Blogging science to life

Fri 6 December 2013, Heather

It just wouldn't be Christmas without setting fire to the pudding.  Here, Ross from the Live Science Team takes it a step further in Santa's Invention Workshop and creates a flaming tornado!

To keep up to date with all our latest videos, don't forget to subscribe to our YouTube channel.

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What is a meteor shower? And how to spot them...

Blogging science to life

Fri 6 December 2013, Nicole

What is a meteor shower? What's the best way to watch them? Ross Exton and Lee Pullen tell you everything you need to know and give their top tips on spotting shooting stars:

To keep up to date with all our latest videos, don't forget to subscribe to our YouTube channel!

P.S. The Geminid meteor shower is due to peak next week, around the December 13-14th, so pop it in your diary and put your new skills to the test!

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Get crafty at After Hours...

Blogging science to life

Sat 7 December 2013, Written by: Heather

With only a few more days to go until our fantastically festive After Hours evening, we thought we'd help you get in the mood for some Christmas crafting with a little taster of what to expect on the night in Santa's Invention Workshop. Why not get hands-on and have a go at making these science-tastic tree decorations this weekend!

Light-up tree decorations

You will need:

  • Felt
  • 20cm piece of ribbon
  • Double-sided tape
  • LED bulb – you can easily find them in electronics stores or online
  • 3v cell battery (the type found watches)
  • 3 sticky foam circles
  • Strong glue or a needle and thread

What to do:

  • Dream up your unique decoration design – we recommend starting with something simple like a star, although other classic Christmas shapes work well too (trees, reindeer faces, puddings…)
  • Cut out the same shape on two pieces of felt
  • Test your LED. It will only light up when the longer of the two ‘legs’ is in contact with the positive side of the battery
  • Stick a foam pad slightly off-centre on one side of the battery
  • Slide the LED back on the battery - make sure it’s the correct way round
  • Stick the LED ‘legs’ in place using a foam pad on each side
  • Squeeze the foam pads to complete the circuit and light up the LED
  • Put your two shapes together to make a pocket, and pop the LED in the middle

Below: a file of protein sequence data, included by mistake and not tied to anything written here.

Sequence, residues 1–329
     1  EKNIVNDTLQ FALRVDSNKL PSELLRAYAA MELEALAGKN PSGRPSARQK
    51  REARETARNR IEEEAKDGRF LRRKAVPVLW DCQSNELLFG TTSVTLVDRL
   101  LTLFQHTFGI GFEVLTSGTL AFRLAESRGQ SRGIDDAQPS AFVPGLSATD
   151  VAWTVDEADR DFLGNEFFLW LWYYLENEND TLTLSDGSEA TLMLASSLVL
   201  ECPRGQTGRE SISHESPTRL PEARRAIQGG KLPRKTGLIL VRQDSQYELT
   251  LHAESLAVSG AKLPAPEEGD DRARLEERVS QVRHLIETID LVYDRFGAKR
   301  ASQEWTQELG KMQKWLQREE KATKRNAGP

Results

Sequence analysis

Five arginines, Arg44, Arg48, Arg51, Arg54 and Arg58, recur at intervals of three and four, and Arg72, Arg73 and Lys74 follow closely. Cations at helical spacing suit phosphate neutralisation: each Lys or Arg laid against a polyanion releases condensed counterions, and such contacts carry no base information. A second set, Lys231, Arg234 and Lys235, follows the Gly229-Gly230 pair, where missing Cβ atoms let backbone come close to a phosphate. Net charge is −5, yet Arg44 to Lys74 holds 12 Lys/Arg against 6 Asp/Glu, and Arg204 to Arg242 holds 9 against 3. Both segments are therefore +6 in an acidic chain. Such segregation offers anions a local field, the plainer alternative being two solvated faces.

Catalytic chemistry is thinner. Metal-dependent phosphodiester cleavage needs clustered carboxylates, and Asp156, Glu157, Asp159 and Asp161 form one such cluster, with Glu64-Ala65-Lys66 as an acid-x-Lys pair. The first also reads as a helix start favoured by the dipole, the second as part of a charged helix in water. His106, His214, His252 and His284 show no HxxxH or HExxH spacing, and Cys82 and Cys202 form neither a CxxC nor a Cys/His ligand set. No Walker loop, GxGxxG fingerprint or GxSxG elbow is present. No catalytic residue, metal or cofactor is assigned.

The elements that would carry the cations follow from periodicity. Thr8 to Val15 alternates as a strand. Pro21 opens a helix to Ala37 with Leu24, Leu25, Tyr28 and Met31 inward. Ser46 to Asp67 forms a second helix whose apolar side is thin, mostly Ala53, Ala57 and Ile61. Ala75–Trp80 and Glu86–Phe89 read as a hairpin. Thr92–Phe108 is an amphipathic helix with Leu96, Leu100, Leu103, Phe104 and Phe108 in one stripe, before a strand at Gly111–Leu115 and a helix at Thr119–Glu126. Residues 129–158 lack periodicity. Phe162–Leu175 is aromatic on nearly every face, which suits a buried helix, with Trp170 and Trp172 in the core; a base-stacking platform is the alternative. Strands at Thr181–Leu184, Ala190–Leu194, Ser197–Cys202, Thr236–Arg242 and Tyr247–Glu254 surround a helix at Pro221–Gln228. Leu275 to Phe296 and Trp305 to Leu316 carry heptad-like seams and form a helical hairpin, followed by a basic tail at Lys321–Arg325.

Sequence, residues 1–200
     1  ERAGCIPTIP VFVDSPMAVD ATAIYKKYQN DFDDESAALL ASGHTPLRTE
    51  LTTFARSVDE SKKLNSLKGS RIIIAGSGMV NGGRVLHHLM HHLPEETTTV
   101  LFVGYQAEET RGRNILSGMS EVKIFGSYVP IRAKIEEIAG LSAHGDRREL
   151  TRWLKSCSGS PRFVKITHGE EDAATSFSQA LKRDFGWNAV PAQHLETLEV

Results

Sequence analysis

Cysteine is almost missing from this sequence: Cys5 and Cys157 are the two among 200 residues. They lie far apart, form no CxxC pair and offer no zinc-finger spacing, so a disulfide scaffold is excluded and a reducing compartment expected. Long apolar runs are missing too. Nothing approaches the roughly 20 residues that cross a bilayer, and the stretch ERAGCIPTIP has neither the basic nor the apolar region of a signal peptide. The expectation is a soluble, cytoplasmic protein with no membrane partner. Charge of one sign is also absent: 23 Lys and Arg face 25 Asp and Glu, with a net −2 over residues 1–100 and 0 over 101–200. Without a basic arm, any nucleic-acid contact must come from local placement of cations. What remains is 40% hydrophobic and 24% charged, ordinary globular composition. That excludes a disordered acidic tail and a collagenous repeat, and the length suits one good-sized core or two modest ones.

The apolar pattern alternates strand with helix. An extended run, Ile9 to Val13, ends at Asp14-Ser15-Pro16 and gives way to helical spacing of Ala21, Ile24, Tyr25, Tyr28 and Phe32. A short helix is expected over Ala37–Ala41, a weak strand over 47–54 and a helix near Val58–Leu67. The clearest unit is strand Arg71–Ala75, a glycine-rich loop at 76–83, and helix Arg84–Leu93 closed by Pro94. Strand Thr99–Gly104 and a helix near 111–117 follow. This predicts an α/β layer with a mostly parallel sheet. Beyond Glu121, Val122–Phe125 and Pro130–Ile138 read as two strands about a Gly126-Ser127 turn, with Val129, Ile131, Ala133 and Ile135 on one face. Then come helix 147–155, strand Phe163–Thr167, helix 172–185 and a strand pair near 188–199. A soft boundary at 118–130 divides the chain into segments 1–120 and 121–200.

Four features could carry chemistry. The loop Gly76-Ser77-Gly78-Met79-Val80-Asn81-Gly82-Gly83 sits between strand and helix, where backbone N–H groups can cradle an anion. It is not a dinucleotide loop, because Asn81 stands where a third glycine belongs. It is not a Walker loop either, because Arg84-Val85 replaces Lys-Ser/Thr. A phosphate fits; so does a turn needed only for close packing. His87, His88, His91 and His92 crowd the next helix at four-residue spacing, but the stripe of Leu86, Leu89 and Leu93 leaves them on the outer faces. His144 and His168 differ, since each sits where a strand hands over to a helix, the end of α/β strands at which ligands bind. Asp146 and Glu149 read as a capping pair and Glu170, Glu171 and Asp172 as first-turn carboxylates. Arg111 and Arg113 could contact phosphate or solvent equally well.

• Glue or stitch the shapes together around the edges
  • Use a hole punch or needle to thread your ribbon through the top

And voila! Your light-up decoration is ready to take pride of place on your tree this year.

If that's whet your appetite for some more Christmas creativity then our elves will be on hand on Monday evening to help you make some science-inspired stocking fillers as part of After Hours, our Christmas knees-up with a difference! Find out more and book your place here.

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How do we know what the Sun is made of?

Blogging science to life

Thu 14 November 2013,

Here's David from the Live Science Team showing us how we can use a trick of the light to find out just what the Sun is made of:

To keep up to date with all our latest videos, don't forget to subscribe to our YouTube channel and follow us on Twitter!

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Inprofood: 'chewing the fat' with Bristol's secondary schools

Blogging science to life

Thu 14 November 2013,

Throughout October members of our Formal Learning Team took part in an EU-funded project to work in local schools, facilitating a discussion game called PlayDecide, about healthy eating and obesity. The team worked with 83 pupils aged 12 - 16 from St Mary Redcliffe & Temple School in Bristol city centre, Backwell School, and St Katherine’s School in Pill. The aim of the game was to raise awareness of the issues surrounding these controversial topics, and to gather the opinions of the participants to feed them back to the EU, informing their future policy discussions.

A lively debate as part of the project

Thanks to the funded nature of the project we were able to offer this opportunity to schools for free, which ties closely to our mission to make science accessible for all.

The project is taking place all over Europe, and to date over 1000 students have participated. The game is running in just two locations in the UK, Bristol and Newcastle, where the game is being run by the Centre for Life. Participation in this game has given Bristol and Newcastle students the chance to represent the voices of the young people of the UK in EU parliament. 

It was really great to hear the opinions of the students discussed so freely, and it was brilliant to watch them inform and inspire each other with their ideas.

The groups discussed some particularly interesting ideas such as, ‘Why can’t you stop your own son over-eating?’, the influence of media pressure on people’s perceptions of bodies, and the feeling that food production sometimes wasn’t very a transparent process and if people really knew how foods were made it would put them off eating them.

A lively whole-class debate as part of the project

View the outcome of this international project's findings here.

We look forward to being able to work on other such projects in the future!

 Many thanks to Becky for writing this blog!